Addressing Video Game Development Challenges Using Industry Best Practices
2019 – ongoing
The aim of this project is to investigate both industry and academic data on video game development (VGD) to construct an empirical model of the domain that can be used to analyze the relationship between the contexts, success factors, ways of working, and challenges of game projects. This is to identify the reasons behind the team collaboration and leadership problems, and learn how to address them with more effective processes and practices.
To understand current ways of working and challenges in VGD, we surveyed and interviewed dozens of studios and developers, as well conducted a tertiary literature review on industry Agile/Lean practices. These investigations revealed the core problem in VGD seems to be an incoherent understanding of the domain due to a lack of a shared terminology between game developers, academics, and players to describe it. To help address this fundamental barrier to collaboration and project management, we constructed a descriptive classification domain model of VGD terms and concepts using a novel computer-aided text analytics dictionary building methodology.
The novel methodology employs a hybrid theory-driven and data-driven approach that integrates frameworks and best practices from evidence-based software engineering, data science, topic modeling, and ontology integration, among others. Terms describing VGD concepts, practices, and processes were from a corpus of 240 empirical industry project post-mortems and academic studies, and the resultant prototype dictionary has about 11 subjects, 67 knowledge areas, 302 topics, 1,590 concepts, and 12,705 entries. The dictionary has been validated on seven quality dimensions and its applications include terminological study, trend analysis, characterization, concept co-occurrence analysis, sentiment polarity orientation, practice recommendations, document classification, and as a conceptual framework and vocabulary reference.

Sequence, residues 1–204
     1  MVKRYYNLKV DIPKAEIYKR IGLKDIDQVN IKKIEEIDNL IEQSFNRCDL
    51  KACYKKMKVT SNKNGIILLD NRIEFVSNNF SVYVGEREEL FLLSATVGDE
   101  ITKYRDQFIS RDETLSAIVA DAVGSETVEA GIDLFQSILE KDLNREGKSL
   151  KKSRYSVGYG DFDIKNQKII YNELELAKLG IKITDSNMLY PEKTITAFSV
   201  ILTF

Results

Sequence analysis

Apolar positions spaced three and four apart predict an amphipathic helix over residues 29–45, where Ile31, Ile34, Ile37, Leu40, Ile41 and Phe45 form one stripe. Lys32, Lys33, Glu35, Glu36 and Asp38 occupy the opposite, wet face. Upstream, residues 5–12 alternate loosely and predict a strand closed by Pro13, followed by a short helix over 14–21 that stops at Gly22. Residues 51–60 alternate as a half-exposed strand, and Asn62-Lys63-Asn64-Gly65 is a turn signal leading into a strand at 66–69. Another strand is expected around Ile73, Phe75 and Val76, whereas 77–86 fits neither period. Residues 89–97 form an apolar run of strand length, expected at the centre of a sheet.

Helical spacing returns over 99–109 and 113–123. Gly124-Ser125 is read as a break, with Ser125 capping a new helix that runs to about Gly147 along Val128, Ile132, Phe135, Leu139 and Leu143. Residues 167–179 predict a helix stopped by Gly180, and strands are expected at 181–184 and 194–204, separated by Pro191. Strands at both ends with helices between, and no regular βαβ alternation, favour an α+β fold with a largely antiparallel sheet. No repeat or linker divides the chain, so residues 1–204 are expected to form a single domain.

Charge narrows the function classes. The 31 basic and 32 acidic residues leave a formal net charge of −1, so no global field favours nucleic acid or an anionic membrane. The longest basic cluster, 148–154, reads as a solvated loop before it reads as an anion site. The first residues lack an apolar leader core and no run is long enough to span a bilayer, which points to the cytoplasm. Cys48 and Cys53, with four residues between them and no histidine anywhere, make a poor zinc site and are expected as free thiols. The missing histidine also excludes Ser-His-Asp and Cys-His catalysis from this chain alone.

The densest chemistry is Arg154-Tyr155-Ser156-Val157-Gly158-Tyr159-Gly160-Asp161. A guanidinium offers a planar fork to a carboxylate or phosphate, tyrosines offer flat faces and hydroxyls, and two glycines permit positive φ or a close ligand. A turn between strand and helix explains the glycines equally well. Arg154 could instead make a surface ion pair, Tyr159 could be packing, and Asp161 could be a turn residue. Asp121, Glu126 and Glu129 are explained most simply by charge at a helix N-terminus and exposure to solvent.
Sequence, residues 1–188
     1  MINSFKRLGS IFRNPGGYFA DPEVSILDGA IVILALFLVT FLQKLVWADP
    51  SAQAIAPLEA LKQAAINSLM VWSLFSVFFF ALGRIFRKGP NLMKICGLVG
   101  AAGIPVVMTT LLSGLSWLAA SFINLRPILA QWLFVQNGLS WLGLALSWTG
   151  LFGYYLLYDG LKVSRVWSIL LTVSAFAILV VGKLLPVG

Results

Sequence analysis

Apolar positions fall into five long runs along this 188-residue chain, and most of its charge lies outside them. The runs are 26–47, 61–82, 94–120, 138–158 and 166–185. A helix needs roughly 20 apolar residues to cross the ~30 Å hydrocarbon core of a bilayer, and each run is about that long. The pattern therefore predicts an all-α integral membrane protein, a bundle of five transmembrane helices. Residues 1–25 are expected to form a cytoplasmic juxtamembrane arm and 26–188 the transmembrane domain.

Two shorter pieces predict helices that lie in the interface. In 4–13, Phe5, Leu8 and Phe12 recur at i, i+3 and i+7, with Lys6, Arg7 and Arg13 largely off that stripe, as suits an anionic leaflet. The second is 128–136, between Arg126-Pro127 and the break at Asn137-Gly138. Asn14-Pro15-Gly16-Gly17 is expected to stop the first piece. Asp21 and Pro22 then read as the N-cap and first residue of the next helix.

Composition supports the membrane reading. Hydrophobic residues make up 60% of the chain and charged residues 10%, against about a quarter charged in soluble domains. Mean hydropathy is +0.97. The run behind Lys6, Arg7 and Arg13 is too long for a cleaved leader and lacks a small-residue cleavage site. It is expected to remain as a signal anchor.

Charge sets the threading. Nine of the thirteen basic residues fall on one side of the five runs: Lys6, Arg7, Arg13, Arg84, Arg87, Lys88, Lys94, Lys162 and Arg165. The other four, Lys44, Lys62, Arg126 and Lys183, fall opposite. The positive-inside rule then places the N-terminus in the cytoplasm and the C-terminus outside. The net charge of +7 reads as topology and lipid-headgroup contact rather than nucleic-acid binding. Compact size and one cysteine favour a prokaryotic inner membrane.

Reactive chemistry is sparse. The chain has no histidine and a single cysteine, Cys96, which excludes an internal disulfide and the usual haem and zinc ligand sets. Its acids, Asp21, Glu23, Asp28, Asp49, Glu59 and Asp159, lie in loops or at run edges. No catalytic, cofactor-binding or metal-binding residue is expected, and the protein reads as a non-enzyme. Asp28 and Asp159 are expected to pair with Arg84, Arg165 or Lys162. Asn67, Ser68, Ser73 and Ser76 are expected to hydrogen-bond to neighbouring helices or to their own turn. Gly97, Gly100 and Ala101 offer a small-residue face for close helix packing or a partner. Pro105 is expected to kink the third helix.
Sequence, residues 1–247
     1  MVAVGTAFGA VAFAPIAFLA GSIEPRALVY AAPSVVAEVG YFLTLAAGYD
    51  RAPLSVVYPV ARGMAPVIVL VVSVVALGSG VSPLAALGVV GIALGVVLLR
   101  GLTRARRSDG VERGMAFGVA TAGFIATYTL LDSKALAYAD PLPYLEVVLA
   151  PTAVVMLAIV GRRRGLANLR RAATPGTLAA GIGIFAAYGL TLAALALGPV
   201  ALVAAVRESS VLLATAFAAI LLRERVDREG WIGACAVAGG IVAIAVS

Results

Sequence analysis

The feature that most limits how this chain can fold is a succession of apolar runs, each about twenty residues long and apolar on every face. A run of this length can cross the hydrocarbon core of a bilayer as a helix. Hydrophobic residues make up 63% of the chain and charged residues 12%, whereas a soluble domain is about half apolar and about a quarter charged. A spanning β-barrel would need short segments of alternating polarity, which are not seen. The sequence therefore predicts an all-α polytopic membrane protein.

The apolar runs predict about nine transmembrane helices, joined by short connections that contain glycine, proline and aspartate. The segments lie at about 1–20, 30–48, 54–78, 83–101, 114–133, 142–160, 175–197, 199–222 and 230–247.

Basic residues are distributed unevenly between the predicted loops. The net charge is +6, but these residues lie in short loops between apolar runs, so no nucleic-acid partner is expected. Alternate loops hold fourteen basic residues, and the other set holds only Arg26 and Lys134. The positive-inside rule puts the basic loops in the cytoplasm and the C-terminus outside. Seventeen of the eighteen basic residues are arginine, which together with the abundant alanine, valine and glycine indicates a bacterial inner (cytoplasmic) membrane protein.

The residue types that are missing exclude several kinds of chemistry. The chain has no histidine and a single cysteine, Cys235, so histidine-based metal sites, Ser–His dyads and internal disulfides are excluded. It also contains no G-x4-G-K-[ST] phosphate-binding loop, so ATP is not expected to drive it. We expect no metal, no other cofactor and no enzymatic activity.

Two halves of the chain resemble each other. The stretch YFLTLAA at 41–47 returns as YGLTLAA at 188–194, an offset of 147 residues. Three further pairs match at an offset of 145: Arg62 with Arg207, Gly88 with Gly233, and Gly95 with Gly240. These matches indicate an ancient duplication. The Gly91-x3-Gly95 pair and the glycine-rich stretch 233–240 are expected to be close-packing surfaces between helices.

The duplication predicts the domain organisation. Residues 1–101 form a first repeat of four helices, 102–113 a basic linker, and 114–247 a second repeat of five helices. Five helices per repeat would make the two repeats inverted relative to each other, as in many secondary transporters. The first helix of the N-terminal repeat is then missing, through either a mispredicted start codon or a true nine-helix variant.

Findings indicate game developers tend to weight decision making towards the team, followed by the design, engineering, and production disciplines. However, game developers typically fail to show the rationale behind their team’s decision-making, which appears to have a strong relationship with the collaboration and leadership challenges they face. Also, Agile/Lean frameworks are rarely discussed by game developers, which suggests they are not highly valued. However, studios that do use Agile/Lean principles or practices appear to benefit from them, even if they do not always fully understand them. Analysis also confirms the lack of shared understanding and common terminology between key stakeholders appears to be the root problem from which other issues arise.
Our current work includes refining the VGD dictionary and applying it in industry contexts to help inform team and management decision-making. We are also conducting case studies, workshops, and coaching sessions with industry game studios to further investigate the patterns between their contexts, success goals, ways of working, and project outcomes.
This study received funding from the University of Canterbury as part of the Department of Computer Science and Software Engineering, School of Product Design, and the Applied Immersive Gaming Initiative (AIGI).
This project received a grant from the Early Career Researcher Development Fund hosted by Research and Innovation, University of Canterbury.
We would also like to thank the NZGDA, Christchurch Game Developers Association, Black Salt Games, and other NZ game studios and developers for their ongoing support of this research.
McKenzie, T, Morales-Trujillo, M, Lukosch, S, Hoermann, S. (2019). Software engineering practices and methods in the game development industry, in Extended Abstracts of the Annual Symposium on Computer-Human Interaction in Play Companion Extended Abstracts, Association for Computing Machinery, New York, NY, USA. 181–193. https://doi.org/10.1145/3341215.3354647
McKenzie, T, Morales-Trujillo, M, Lukosch, S, Hoermann, S. (2021). Is Agile Not Agile Enough? A Study on How Agile is Applied and Misapplied in the Video Game Development Industry, in IEEE/ACM Joint 15th International Conference on Software and System Processes, ACM/IEEE, Madrid. 94–105. https://doi.org/10.1109/ICSSP-ICGSE52873.2021.00019